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‘Human Computer’ Katherine Johnson passes away at 101

Virginia, Feb 25 (GCCurrentAffairs) NASA mathematician Katherine Johnson, also known as the ‘human computer’ for her instrumental role in getting the first Americans to space and back safely and the inspiration for the film ‘Hidden Figures’, has passed away here.
She was 101. NASA announced Johnson’s death on Monday.
Born in West Virginia, in 1918, Johnson had a knack for solving highly complex mathematical problems in no time since a very early age.
Later on she went on to become a part of NASA’s “Computer Pool,” a group of mathematicians whose data powered NASA’s first successful space missions. The group’s success largely hinged on the accomplishments of its black women members. Among her many accomplishments, she completed the trajectory analysis for Alan Shepard’s 1961 suborbital flight, which was the first time the US sent a human into space.
Johnson’s work over 33 years propelled many of America’s breakthroughs in space exploration, including Neil Armstrong’s “giant leap for mankind” on the Moon. But the contributions she made weren’t recognized until decades later.
However, her groundbreaking contributions were recognised in 2015 when she received the Presidential Medal of Freedom, the highest honor bestowed on civilians, from President Barack Obama. The bestselling-book-turned-Oscar-nominated-movie Hidden Figures brought Johnson’s legacy to the big screen in 2016, in which she was portrayed by Taraji P Henson. NASA, where she worked from 1953 to 1986 also named a building in her honor in 2017.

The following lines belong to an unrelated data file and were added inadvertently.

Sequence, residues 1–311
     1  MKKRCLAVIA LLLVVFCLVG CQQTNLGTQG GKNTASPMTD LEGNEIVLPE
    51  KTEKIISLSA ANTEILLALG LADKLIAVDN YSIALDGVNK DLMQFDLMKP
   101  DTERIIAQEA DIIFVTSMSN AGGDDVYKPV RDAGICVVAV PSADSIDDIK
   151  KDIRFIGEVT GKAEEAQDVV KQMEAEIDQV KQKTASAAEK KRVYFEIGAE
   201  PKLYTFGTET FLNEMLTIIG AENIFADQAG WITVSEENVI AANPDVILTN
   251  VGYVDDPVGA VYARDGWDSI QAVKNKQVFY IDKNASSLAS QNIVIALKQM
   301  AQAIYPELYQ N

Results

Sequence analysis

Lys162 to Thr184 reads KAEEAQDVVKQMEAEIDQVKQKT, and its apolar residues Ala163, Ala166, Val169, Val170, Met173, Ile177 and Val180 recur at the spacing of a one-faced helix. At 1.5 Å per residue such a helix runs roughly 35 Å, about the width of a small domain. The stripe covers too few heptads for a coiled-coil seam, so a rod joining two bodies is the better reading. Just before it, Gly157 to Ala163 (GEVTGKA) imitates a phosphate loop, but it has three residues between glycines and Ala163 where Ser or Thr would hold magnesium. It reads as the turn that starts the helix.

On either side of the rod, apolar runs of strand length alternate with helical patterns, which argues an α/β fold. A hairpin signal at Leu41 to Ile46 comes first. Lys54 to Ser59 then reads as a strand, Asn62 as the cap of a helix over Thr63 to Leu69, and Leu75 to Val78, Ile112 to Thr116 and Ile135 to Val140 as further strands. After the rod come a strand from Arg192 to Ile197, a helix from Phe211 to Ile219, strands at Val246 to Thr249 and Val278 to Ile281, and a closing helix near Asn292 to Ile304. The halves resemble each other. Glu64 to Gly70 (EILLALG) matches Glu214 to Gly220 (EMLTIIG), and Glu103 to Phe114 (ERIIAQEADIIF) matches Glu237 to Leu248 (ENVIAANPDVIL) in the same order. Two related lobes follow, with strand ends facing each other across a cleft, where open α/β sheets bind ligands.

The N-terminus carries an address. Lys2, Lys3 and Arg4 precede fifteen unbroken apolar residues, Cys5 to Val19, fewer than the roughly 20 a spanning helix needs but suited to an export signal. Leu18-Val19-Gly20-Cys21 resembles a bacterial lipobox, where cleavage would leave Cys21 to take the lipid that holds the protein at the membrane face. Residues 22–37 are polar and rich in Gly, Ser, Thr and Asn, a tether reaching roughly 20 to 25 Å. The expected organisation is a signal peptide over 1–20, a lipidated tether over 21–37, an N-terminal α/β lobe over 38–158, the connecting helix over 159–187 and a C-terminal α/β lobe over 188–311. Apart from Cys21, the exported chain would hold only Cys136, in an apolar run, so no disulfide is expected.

‘NASA is deeply saddened by the loss of a leader from our pioneering days, and we send our deepest condolences to the family of Katherine Johnson. Ms Johnson helped our nation enlarge the frontiers of space even as she made huge strides that also opened doors for women and people of color in the universal human quest to explore space. Her dedication and skill as a mathematician helped put humans on the moon and before that made it possible for our astronauts to take the first steps in space that we now follow on a journey to Mars. Her Presidential Medal of Freedom was a well-deserved recognition,’ National Aeronautics and Space Administration (NASA) Administrator Jim Bridenstine said in a statement on Monday.
‘At NASA we will never forget her courage and leadership and the milestones we could not have reached without her. We will continue building on her legacy and work tirelessly to increase opportunities for everyone who has something to contribute toward the ongoing work of raising the bar of human potential,’ the statement added.

Via UNI-India

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